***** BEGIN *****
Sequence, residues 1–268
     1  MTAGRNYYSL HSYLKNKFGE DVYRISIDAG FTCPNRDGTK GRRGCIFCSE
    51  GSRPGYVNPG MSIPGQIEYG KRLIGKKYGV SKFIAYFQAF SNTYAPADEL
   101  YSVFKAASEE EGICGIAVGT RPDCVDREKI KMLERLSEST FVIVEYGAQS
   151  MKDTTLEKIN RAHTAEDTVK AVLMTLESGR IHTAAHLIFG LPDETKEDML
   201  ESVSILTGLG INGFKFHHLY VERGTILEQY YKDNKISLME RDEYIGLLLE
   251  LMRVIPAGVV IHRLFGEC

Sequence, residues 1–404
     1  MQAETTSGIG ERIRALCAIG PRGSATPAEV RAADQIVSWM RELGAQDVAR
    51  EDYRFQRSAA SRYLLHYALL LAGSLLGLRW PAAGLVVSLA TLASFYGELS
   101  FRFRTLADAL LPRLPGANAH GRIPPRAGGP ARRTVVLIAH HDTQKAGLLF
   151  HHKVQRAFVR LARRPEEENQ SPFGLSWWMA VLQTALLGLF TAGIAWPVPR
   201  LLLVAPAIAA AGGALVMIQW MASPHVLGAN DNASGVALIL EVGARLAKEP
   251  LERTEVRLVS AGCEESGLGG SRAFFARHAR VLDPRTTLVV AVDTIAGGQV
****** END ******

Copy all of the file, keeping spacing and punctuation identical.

Sequence, residues 1–268
     1  MTAGRNYYSL HSYLKNKFGE DVYRISIDAG FTCPNRDGTK GRRGCIFCSE
    51  GSRPGYVNPG MSIPGQIEYG KRLIGKKYGV SKFIAYFQAF SNTYAPADEL
   101  YSVFKAASEE EGICGIAVGT RPDCVDREKI KMLERLSEST FVIVEYGAQS
   151  MKDTTLEKIN RAHTAEDTVK AVLMTLESGR IHTAAHLIFG LPDETKEDML
   201  ESVSILTGLG INGFKFHHLY VERGTILEQY YKDNKISLME RDEYIGLLLE
   251  LMRVIPAGVV IHRLFGEC

Sequence, residues 1–404
     1  MQAETTSGIG ERIRALCAIG PRGSATPAEV RAADQIVSWM RELGAQDVAR
    51  EDYRFQRSAA SRYLLHYALL LAGSLLGLRW PAAGLVVSLA TLASFYGELS
   101  FRFRTLADAL LPRLPGANAH GRIPPRAGGP ARRTVVLIAH HDTQKAGLLF
   151  HHKVQRAFVR LARRPEEENQ SPFGLSWWMA VLQTALLGLF TAGIAWPVPR
   201  LLLVAPAIAA AGGALVMIQW MASPHVLGAN DNASGVALIL EVGARLAKEP
   251  LERTEVRLVS AGCEESGLGG SRAFFARHAR VLDPRTTLVV AVDTIAGGQV